Tuesday, April 26, 2016

Cult-Movie Review: The Forest (2016)



[Watch out for spoilers]

There exists in Japan a forest of roughly fourteen square miles, near Mount Fuji, where -- on average -- thirty people a year commit suicide.

In some especially bad years as many as seventy-eight unhappy people take their own lives in that forest. Suicides usually tick up in the end of March -- the end of the fiscal year in Japan -- and the forest is known as both “The Suicide Forest’ and “The Sea of Trees.” 

But the forest’s given name is Aokigahara, and it is reputed to be the home of many “yurei,” or angry ghosts.  Some believers insist the spirits dwell under the forest in subterranean ice caverns.

A haunted suicide forest is the perfect setting for a horror movie, of course, and in the past six years, producers have taken advantage of the forest’s lore and location. Forest of the Living Dead (2010), Grave Halloween (2013) and now The Forest (2016), all revolve around the myths and mysteries of Aokigahara.

Natalie Dormer stars (as twins) in The Forest. She plays both Sara and Jess Price in the film. Jess is the slightly sketchy, independent sister who disappears in the forest. Sara is the buttoned down, somewhat haughty sister who goes in search of Jess when she disappears.

The first thing to understand about the film -- and admittedly, this may color your desire to see it -- is that it plays very much like an American remake of a Japanese horror film, circa 2002 – 2008.

This was the era of The Ring (2002), The Grudge (2004), Dark Water (2005) and Pulse (2006), as you might recall. The trend burned out with some lousy movies like One Missed Call (2008) and The Eye (2008), but it’s been virtually a decade since we’ve seen a big horror movie of this particular type. 

Of course, The Forest is not a remake of a Japanese film; merely a horror film set in Japan, and one that interfaces with Japanese mythology and culture. Importantly, the film conforms to all the style and conventions of the remake format of a decade ago.  So if you’re feeling nostalgic for that time and those films, you may appreciate the film more than others.  If, contrarily, you think that format is pretty used up, then you may find The Forest a long, familiar tale.

I fall somewhere between those two poles.

I appreciate how The Forest revives all the tropes of the format (and I’ll enumerate these below), and I admire the film’s central conceit involving twins, and the connection that such siblings share. On the downside, the film’s final sting-in-the-tail/tale is atrocious, and a big letdown after a somber and effective finale.

Ten or eleven years ago, The Forest would have had a major theatrical release in America (and my fellow bloggers would have complained about its PG-13 horror…), and yet the film feels curiously out-of-step today.  I still would grant the film a limited or modest recommendation based on its intriguing, final act bait-and-switch scenario, and the fascinating real life context behind its setting.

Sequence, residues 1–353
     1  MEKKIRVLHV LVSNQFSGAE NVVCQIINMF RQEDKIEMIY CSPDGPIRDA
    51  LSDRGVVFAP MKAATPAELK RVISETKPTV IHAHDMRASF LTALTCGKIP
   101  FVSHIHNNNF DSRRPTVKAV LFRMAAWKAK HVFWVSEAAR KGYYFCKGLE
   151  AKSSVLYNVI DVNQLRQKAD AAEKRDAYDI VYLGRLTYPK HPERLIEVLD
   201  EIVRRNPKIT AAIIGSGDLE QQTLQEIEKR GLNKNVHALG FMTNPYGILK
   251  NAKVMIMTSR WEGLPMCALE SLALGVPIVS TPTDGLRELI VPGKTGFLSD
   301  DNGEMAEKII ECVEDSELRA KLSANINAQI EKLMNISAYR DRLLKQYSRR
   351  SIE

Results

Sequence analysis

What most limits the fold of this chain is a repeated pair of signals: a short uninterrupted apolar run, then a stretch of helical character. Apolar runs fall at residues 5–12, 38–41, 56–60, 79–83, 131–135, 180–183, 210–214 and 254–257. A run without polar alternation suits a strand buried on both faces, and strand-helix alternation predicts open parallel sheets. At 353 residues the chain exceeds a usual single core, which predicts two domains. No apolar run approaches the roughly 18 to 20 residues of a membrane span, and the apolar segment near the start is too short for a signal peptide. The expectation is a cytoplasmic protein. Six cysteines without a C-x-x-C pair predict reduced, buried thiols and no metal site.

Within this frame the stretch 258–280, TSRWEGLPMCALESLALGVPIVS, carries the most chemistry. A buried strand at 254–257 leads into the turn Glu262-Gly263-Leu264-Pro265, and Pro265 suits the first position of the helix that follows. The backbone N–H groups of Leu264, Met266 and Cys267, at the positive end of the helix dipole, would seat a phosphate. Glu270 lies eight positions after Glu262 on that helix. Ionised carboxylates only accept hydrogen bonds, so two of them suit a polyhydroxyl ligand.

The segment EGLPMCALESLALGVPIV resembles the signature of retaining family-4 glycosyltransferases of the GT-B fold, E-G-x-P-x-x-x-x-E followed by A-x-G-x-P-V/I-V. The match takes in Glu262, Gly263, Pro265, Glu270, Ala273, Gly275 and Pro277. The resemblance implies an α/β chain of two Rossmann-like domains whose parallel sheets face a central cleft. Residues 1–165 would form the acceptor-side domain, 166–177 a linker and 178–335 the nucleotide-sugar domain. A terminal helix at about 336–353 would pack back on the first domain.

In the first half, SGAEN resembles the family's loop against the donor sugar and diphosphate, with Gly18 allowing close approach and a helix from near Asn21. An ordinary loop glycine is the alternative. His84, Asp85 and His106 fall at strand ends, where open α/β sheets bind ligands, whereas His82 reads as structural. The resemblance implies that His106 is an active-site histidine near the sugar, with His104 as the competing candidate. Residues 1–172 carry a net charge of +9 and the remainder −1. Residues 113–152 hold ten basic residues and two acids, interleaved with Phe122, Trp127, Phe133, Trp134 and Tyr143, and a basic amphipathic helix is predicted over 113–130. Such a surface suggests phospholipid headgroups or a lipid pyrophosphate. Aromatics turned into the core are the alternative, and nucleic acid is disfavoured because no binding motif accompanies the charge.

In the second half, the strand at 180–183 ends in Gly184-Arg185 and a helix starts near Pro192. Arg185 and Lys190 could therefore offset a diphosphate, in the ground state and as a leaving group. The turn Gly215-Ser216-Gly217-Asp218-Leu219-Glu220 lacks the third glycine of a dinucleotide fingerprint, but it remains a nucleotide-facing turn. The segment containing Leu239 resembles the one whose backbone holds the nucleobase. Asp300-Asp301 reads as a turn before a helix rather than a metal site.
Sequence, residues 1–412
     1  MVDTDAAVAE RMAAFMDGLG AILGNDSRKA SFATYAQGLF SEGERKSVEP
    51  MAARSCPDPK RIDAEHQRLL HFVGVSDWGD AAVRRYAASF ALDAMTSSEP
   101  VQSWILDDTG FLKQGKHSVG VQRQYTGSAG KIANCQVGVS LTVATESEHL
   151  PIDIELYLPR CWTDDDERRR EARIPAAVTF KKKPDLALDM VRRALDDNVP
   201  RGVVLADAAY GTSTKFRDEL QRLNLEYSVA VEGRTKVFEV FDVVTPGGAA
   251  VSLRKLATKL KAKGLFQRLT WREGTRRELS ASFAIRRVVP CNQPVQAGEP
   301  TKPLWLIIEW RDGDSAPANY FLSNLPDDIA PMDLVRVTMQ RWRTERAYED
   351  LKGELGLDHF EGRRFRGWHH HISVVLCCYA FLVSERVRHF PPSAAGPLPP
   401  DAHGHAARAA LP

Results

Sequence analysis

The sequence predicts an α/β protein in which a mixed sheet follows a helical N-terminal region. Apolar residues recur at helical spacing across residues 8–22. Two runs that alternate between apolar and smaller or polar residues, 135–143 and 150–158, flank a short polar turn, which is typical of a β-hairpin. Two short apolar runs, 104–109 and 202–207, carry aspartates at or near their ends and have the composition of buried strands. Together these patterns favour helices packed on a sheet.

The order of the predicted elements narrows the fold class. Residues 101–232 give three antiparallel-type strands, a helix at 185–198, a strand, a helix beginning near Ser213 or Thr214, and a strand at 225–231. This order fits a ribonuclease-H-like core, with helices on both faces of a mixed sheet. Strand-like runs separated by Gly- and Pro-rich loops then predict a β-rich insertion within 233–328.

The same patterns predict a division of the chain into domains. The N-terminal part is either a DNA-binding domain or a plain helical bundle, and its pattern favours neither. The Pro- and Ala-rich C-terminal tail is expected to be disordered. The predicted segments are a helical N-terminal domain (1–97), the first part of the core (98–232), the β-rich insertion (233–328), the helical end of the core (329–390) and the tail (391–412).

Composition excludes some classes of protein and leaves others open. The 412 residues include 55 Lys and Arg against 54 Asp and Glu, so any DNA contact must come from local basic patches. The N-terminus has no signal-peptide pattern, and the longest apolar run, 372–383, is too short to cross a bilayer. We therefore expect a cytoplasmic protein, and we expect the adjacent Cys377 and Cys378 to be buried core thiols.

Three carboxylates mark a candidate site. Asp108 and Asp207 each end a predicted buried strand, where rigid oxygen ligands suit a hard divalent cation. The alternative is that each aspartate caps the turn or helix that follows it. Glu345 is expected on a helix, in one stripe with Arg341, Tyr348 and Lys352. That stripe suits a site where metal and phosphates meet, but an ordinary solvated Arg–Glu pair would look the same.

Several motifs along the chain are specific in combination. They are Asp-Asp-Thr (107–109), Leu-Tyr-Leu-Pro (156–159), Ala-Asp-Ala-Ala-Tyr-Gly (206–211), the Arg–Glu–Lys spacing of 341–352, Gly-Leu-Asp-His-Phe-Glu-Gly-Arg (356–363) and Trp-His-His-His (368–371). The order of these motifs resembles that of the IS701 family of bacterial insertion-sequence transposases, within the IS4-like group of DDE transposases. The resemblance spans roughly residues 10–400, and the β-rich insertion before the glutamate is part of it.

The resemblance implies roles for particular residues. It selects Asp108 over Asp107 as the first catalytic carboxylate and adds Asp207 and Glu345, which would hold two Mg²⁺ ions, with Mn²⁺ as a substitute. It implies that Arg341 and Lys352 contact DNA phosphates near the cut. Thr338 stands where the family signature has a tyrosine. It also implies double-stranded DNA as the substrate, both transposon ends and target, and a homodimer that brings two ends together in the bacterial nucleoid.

You won’t get lost in The Forest, but you’ll wander down a memorable trail or two.


“Spirits cannot rest there. They come back angry.”

Sara Price (Dormer) awakes from a nightmare about her identical twin, Jess (Dormer). She learns that her sister, a school teacher in Japan, has traveled into the Aokigaraha Forest, a “suicide” forest. Most who enter it, never return.

Sara bids farewell to her husband, Rob (Eoin Macken) and travels to Japan. She resolves to find her sister, and knows she is still alive.  Since they were born, Jess and Sara have shared a kind of sixth sense. They know when the other is in danger. So Sara feels powerfully that Jess is still alive. 

An Australian travel writer, Aiden (Taylor Kinney) offers to escort Sara inside the forest, with the caveat that he gets to report her story.  She agrees to his terms, and with a park ranger, they begin their odyssey inside the forest of ghosts, or yurei. 

The ranger is concerned about Sara because he senses that she is sad, and the spirits in the forest are known to play tricks on those who carry heavy hearts.

At the end of a long day of walking, Jess’s tent is discovered…empty.  Sara wants to stay the night in the forest, even though it would be extremely dangerous, to wait for her sister’s return. Aiden agrees to remain with Sara in the woods, and a night of terror commences.

Sara is haunted by visions of a Japanese school girl, and also an event from her childhood which did not unfold as she has long believed it did…


“If you get lost, and you have sadness in your heart, they will use it against you.”

As noted in my introduction, The Forest feels very much like a Japanese horror film remake from about ten to fifteen years ago. 

All the “standards” or conventions are present.

For instance, we get, in the lead role, a female star (like Naomi Watts, Sarah Michelle Gellar, Jennifer Connelly, Kristen Bell, Jessica Alba) whose primary role involves the investigation of the supernatural.

In many such cases the supernatural specter involved adopts the physical appearance of a Japanese woman. Here, the female star – Dormer – interfaces with the supernatural and encounters a tricky spirit who takes on the form of a school girl several times.

As is the case in many of these earlier films, the supernatural evil can “take” or kill a person simply because they encounter it, not because of any vice-precedes-slice-and-dice equation.  Go to the house in The Grudge, and you will die.  Use your cell phone or technology in The Pulse, and you expose yourself to danger.  Watch Samara’s tape in The Ring, and in seven days, you’re pretty much doomed.